Written by: Max Jeganathan, RZIM Asia-Pacific
Article source: thir.st
Max Jeganathan was less than 1-year-old when he and his parents had to flee Colombo, Sri Lanka on a cargo ship due to violent racial riots in 1983. Known as Black July, mobs of Sinhalese gangs attacked Tamils around the country, forcing thousands into exile as part of the gruelling 26-year-long civil war.
Granted refugee status in Australia, Max went on to become a successful lawyer and political adviser, and later joined Ravi Zacharias International Ministries (RZIM) as an evangelist.
For International Day of Peace (September 21), RZIM Asia-Pacific’s Regional Director reflects on the injustice he faced as a people group and how he was able to forgive those who had committed such atrocities.
This powerful story of redemption was adapted from a short film that follows Max back to Sri Lanka, as he recounts the miraculous hand of God on his life.
In my first year of life, Sri Lanka had been going through a lot of civil and political unrest.
When I was just a few months old, there were either government-sanctioned or government-enabled paramilitary gangs that were going around various parts of Colombo and other parts of Sri Lanka as well.
My parents had gotten word that they were potentially at risk and in danger. But before they had a chance to get away from our home, one of these gangs showed up.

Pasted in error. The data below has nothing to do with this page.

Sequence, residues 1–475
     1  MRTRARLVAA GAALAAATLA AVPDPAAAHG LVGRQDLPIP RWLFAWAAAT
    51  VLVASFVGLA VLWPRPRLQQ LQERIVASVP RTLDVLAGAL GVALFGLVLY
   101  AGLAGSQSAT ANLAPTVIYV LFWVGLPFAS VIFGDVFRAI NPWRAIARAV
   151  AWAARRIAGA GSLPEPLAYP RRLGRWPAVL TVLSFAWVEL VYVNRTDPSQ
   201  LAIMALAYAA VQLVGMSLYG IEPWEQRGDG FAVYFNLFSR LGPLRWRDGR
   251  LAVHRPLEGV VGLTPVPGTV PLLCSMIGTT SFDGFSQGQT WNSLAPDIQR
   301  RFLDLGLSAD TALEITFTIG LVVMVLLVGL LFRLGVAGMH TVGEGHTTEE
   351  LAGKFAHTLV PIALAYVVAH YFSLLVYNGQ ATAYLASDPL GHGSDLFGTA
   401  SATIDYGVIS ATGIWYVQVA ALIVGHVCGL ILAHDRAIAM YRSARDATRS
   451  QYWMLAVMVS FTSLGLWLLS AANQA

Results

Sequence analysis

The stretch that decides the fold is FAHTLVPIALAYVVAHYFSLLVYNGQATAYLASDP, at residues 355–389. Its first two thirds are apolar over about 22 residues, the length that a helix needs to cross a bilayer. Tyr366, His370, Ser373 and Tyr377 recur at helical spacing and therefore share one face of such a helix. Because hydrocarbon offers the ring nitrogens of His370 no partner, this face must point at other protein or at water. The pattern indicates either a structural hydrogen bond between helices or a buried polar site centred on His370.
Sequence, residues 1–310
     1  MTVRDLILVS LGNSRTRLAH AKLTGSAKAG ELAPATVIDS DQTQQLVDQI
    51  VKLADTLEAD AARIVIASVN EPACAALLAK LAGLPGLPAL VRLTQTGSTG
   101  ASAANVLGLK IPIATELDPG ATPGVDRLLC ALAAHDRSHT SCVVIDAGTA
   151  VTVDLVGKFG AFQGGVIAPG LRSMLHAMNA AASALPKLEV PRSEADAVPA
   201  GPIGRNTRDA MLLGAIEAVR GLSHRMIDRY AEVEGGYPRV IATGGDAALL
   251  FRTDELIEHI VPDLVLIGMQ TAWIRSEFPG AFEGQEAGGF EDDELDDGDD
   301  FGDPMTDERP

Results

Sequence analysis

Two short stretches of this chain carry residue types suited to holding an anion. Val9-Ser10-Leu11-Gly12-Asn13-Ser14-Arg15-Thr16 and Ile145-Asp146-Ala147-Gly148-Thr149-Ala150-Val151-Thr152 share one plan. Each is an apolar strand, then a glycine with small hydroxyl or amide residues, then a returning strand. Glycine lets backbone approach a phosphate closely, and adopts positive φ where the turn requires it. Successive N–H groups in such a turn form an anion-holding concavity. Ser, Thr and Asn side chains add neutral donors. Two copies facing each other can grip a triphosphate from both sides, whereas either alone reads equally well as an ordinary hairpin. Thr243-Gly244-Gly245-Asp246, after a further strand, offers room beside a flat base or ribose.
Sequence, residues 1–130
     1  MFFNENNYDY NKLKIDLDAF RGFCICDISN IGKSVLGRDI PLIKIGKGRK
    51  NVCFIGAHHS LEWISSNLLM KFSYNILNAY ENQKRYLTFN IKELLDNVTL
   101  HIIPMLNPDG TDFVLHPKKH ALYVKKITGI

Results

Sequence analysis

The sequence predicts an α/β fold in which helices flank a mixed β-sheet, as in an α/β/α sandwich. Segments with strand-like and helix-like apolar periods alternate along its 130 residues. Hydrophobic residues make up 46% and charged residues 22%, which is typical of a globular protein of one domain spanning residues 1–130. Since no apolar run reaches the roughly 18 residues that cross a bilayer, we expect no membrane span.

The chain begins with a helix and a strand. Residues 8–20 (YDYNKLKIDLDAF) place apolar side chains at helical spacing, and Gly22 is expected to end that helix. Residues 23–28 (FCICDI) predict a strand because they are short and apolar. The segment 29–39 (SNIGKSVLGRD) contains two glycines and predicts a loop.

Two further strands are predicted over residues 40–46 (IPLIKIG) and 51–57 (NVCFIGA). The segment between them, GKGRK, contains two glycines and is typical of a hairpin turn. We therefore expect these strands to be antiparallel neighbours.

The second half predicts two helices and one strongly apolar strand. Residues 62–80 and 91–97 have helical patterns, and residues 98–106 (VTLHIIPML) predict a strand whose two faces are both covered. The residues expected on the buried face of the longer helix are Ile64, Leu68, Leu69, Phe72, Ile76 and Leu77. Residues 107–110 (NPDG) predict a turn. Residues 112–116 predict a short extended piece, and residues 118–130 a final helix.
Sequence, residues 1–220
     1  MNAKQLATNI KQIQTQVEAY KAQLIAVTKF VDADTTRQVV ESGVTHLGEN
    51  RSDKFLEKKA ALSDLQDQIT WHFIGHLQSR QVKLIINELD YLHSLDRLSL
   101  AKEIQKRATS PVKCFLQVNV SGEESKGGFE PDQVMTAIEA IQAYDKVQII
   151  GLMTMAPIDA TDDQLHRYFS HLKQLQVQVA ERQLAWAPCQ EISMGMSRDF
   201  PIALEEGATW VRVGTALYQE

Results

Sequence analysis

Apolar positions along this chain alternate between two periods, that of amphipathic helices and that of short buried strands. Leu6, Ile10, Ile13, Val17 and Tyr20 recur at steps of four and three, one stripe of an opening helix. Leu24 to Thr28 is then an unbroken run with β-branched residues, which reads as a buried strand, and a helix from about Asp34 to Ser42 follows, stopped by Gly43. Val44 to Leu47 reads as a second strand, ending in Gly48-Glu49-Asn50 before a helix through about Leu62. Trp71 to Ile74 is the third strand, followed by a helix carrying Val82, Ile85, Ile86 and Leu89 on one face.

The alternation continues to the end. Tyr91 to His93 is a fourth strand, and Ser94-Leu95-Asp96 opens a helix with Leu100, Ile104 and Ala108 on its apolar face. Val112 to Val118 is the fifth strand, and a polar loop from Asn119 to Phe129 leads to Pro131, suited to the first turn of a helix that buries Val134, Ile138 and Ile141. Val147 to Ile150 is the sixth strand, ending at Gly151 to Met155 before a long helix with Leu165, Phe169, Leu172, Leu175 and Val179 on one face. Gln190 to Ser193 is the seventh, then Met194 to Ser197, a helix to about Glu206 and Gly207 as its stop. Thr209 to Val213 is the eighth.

My dad grabbed me and ran into the bathroom at the back of the house. While my mum was stuck in the front of the house, this gang busted down the door and came in.
Being very unhelpful as a one-year-old, or less than a one-year-old at that time, I started crying and they heard me.
My dad was holding me, and all that he and my mum could do at that moment was to pray.
There was a bunch of guys who were under the influence of drugs. They had all kinds of equipment and were banging away at this door – this raggedy, old, wooden bathroom door with a tiny little latch.
All the principles and laws of physics would suggest that there’s no way this latch should have held out. But they banged away, and it just held. They ended up giving up and leaving.
But as they were leaving, they yelled: “We’re going to come back. We’re going to burn down the house.”
My mum and dad grabbed me and a nappy bag – that’s all we managed to take – and ran into the bushes at the side. A servant girl from nearby saw us and pointed to the reality that my parents were unlikely to survive the night.
She said: “Look, it’s likely you’re going to be killed tonight. At least give us your baby, and we can find a home for him or give him another chance. We’ll make sure he gets raised and protected.”
My parents somehow mustered the courage and gave me to this girl, thinking that they would never see me again.
Huddled in the bushes for the most part that night, they saw their house burned down to the ground – everything they owned, all of their valuables.
But the Lord somehow protected all three of us that night. My parents survived, and I managed to take shelter in another home.
The next day, my uncle who is a police officer and fluent in Sinhala (the majority language of Sri Lanka), managed to find me and bring me back. By the grace of God, I was reunited with my parents.